A recent Politico report on U.S. policies towards "settlements" omits important history and wrongly claims that they are a "clear violation of international law." But as CAMERA noted in The Times of Israel, the truth is more complex than Politico's narrative allows.
There is no better illustration of the prevailing political advocacy journalism than the recent coverage of U.S. Secretary of State Mike Pompeo’s announcement about the current administration’s position on Israeli settlements.
In some American public schools, the once prevalent image of Israelis as plucky Jews rebuilding their ancient homeland has been replaced by the bleak image of a militarized colonial-settler state infringing upon the lives of victimized Palestinians.
From time to time, when memories of antisemitism have expired, a significant number of hidden antisemites suddenly turn to the open practice of their ancient hatred as if it were a sudden burst of cicada.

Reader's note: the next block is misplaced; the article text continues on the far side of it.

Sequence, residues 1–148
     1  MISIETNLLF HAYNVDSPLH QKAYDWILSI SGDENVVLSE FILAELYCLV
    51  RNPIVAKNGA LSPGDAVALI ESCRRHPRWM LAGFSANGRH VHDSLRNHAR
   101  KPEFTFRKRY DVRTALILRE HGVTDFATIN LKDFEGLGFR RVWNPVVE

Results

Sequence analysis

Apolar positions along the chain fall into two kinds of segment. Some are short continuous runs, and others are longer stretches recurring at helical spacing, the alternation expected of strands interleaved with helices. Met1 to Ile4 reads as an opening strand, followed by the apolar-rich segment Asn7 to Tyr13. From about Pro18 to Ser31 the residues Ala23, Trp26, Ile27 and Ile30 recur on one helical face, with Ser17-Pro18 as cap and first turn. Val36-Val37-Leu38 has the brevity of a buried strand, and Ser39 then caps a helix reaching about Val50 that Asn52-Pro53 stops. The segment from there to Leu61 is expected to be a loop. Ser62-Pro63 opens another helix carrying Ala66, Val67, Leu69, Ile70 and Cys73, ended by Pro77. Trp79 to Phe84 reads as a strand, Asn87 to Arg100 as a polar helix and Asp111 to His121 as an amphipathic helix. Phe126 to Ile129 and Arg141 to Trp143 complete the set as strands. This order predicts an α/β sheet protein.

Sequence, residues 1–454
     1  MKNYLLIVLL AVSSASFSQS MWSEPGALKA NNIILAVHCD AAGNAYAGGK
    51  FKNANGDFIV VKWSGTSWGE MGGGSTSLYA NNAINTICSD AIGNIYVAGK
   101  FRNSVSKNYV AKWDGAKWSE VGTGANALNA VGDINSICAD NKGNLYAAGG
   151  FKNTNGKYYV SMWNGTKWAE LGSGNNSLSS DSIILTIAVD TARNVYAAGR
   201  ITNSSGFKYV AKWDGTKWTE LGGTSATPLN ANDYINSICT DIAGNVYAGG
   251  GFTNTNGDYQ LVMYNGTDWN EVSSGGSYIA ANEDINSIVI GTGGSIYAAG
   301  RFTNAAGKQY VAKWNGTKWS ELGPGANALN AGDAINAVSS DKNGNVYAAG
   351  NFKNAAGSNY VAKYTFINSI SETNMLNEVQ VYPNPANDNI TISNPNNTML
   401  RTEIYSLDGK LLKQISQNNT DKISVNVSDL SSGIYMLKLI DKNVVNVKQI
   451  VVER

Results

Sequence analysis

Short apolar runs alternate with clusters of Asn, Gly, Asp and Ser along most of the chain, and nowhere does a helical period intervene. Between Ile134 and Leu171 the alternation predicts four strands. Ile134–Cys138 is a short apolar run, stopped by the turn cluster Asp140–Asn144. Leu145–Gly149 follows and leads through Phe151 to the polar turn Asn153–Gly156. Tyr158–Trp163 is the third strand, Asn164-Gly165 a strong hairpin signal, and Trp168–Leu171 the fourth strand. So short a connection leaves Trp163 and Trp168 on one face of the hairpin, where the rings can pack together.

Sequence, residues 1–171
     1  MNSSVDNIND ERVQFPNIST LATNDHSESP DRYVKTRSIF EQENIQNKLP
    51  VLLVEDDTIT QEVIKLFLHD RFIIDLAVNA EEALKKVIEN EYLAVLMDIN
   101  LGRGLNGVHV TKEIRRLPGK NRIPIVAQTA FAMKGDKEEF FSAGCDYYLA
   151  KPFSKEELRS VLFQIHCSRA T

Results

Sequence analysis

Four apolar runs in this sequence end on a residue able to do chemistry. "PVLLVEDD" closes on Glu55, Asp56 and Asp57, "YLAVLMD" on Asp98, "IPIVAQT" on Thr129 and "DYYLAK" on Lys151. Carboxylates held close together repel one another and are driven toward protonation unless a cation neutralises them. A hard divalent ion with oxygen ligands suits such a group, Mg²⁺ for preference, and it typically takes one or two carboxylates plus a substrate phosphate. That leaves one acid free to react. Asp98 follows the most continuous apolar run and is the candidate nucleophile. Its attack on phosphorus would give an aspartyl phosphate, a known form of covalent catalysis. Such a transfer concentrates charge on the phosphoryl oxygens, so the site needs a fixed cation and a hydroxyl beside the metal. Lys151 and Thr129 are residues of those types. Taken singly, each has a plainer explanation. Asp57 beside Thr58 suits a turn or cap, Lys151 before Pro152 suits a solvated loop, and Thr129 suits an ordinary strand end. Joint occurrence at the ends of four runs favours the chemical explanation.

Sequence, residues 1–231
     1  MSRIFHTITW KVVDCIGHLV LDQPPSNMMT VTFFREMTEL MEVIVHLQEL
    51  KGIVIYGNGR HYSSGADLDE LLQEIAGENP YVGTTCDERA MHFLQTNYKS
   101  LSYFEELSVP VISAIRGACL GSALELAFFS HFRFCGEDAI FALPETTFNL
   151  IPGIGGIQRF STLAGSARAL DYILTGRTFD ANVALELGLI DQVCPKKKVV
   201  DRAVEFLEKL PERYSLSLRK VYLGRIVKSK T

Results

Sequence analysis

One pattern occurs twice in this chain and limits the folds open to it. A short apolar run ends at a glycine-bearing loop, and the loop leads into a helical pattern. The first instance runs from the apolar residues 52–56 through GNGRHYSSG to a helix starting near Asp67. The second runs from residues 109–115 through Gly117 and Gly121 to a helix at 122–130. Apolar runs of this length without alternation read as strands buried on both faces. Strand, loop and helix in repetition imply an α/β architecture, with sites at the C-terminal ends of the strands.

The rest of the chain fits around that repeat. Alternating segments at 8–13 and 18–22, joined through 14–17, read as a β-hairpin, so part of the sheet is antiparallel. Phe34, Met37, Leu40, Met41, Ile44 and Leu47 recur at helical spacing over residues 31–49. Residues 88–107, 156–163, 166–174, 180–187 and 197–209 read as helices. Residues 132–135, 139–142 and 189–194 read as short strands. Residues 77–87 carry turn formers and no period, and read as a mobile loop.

CAMERA explores the reasons behind the Mossad's pop culture popularity for Washington Examiner magazine. The Mossad, Israel's foreign intelligence agency, has had stunning success—becoming an "internationally recognized brand name," as one journalist noted.
CAMERA takes to the pages of The National Review to highlight the lessons of the 1929 Hebron Massacre.
Netflix's 2019 series, "The Spy," takes a look at legendary Mossad officer Eli Cohen. But as CAMERA noted in The Washington Examiner: the real story is even more incredible than the Hollywood version.
A recent Washington Post editorial faulted Israel for defending itself against Iranian proxies in Iraq.
The Washington Post and others play defense for U.S. Reps. Ilhan Omar and Rashida Tlaib, running puff-pieces while omitting their association with antisemitic organizations.
Conventional wisdom claims that Amin al-Husseini, the Grand Mufti of Jerusalem and Nazi collaborator, ceased to be a political force after World War II. In fact, as CAMERA's original research proves, al-Husseini continued to make war against the Jewish state until his dying day, three decades after the war's end.